Trade tensions: Phase 1 solves some but not all issues

Sunset in Hamburg. Image: Foter.com

David Kohl (Julius Baer) | The signing of the phase one of the trade deal between the US and China this week would confirm the easing of trade-related growth headwinds in 2020. Persisting geopolitical rivalry between the US and China, as well as ambitious import targets for US goods, prevents the trade agreement from boosting business sentiment significantly.

The US and China are getting ready to sign the phase one of a trade deal in Washington on Wednesday. This deal improves the growth outlook for 2020 and a lot of the favourable real economic impact is already factored into this year’s growth forecasts and asset valuations in financial markets. The biggest direct favourable impact on US growth arises from the abandonment of punitive tariffs on additional Chinese imports, which mostly include consumer goods. These additional tariffs would have worked like a tax on US consumption in the magnitude of 0.2% of GDP. The direct impact on Chinese growth is more difficult to quantify.

Higher Chinese imports from the US, which are part of the deal, will largely replace imports from other countries, and additional imports should lead only to higher inventory accumulation in China, with no direct economic impact. Implications beyond the direct economic impact could be larger but are much more uncertain. De-escalation in the trade conflict has the potential to stop the deterioration of economic sentiment, which has been the direct result of growing political uncertainty. However, the continued geopolitical rivalry between the US and China sets limits to a reduction of uncertainty and improving economic sentiment. Nevertheless, reports about ongoing consultations between the two countries should contribute to removing some of the uncertainty and improving business confidence.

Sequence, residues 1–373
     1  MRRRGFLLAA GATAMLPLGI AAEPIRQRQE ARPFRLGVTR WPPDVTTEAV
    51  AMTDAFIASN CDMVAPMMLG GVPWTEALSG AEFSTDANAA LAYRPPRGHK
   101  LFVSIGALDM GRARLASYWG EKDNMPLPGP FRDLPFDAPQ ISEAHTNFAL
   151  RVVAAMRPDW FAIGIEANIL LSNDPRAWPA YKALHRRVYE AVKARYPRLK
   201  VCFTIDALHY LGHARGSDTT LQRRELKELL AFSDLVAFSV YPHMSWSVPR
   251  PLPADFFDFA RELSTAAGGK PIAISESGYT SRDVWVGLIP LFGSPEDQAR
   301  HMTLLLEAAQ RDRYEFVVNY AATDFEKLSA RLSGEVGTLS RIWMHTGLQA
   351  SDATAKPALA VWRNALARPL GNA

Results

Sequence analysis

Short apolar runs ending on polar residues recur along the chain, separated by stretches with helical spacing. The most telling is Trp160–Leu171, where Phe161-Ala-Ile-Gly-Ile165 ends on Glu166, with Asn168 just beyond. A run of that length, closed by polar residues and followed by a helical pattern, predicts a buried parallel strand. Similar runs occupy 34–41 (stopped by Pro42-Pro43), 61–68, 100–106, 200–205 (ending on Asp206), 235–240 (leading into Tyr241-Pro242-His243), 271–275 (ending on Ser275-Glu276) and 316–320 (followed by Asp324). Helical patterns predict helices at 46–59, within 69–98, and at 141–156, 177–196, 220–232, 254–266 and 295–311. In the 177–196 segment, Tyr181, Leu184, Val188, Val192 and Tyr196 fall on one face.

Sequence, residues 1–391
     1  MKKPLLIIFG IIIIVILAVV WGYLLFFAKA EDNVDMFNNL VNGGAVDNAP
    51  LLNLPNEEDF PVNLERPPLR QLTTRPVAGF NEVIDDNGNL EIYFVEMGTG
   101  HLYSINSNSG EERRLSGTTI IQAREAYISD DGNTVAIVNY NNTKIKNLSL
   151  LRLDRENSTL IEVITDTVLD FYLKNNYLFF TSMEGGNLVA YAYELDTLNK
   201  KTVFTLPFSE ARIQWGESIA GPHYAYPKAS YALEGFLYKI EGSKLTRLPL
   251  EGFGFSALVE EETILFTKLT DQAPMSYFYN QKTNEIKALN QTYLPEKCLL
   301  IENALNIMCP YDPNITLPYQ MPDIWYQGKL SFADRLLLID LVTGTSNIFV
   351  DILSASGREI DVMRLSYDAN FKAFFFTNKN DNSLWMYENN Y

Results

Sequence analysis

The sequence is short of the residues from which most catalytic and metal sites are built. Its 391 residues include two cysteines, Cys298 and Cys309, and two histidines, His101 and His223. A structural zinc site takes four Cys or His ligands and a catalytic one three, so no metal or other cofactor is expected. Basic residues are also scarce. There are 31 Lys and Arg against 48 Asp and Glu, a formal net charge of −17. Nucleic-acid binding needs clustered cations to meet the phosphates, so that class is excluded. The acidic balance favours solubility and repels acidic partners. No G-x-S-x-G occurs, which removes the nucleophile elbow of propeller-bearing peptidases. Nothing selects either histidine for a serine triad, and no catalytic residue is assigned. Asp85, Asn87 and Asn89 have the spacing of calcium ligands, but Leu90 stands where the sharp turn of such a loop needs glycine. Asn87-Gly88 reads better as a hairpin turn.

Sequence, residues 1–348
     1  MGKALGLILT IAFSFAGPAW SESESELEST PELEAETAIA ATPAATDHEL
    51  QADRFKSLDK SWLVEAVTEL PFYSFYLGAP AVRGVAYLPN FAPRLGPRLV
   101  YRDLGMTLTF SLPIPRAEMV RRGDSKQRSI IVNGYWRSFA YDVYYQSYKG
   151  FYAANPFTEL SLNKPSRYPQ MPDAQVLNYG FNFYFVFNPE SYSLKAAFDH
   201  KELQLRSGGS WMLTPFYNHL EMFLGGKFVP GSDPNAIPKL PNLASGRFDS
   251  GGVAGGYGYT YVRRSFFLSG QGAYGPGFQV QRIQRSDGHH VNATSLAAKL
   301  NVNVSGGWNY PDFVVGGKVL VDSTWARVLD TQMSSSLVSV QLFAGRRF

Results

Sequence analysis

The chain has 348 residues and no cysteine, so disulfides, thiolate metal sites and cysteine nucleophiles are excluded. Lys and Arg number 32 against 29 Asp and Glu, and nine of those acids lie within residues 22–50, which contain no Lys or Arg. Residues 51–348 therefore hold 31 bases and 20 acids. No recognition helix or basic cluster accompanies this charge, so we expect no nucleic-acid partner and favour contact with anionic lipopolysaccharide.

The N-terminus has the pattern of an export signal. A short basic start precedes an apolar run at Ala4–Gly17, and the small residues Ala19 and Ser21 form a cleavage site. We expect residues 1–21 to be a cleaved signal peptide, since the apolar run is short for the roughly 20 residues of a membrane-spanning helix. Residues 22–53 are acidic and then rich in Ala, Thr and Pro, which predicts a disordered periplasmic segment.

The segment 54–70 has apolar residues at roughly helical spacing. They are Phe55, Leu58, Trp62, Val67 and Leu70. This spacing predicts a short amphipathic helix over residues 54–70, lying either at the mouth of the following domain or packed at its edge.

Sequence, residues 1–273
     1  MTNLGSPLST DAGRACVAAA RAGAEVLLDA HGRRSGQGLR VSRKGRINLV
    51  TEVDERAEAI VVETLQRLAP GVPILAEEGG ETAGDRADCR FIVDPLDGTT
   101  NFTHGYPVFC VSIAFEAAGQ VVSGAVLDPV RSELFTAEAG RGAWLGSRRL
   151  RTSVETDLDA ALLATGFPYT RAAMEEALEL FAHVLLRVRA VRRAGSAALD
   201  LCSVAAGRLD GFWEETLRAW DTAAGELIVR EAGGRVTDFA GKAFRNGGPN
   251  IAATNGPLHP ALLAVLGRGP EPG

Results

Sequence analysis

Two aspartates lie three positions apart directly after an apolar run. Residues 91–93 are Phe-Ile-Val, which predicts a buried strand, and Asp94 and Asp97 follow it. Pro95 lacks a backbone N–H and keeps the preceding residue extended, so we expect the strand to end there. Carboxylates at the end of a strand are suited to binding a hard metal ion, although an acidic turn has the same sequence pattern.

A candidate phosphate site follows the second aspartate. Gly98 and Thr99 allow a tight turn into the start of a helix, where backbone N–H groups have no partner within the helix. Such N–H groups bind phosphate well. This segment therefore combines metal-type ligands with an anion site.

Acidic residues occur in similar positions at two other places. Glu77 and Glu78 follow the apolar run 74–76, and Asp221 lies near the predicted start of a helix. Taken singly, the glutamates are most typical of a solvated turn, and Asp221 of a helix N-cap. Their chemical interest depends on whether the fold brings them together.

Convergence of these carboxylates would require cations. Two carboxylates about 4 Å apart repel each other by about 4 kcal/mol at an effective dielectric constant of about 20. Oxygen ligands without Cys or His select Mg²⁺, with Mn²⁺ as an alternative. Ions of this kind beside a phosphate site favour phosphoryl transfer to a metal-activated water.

Ambitious Chinese import targets and expectations of a rollback of existing US tariffs are potential spoilers of the agreement to be signed this week. China has declared itself willing to purchase USD 200bn more US goods and services in 2020 and 2021 than in 2017, as well as between USD40bn and USD50bn of US agriculture goods annually, according to US statements. Both figures are very ambitious targets and are unlikely to be achieved.

A failure could lead to renewed escalation in the trade relations between the two countries. However, we see the phase-one trade deal as being largely a political agreement allowing Donald Trump to boost his re-election chances. These considerations reduce the risk that early failures of China to achieve the envisaged import targets in 2020 lead to harsh US reactions, which would escalate the trade conflict again ahead of the US presidential elections in November 2020.